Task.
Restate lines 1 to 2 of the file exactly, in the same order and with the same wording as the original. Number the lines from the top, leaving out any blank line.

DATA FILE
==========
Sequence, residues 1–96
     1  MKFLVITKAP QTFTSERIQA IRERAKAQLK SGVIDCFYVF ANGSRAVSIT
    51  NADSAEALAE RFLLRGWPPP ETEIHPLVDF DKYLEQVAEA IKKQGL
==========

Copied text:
Sequence, residues 1–96
     1  MKFLVITKAP QTFTSERIQA IRERAKAQLK SGVIDCFYVF ANGSRAVSIT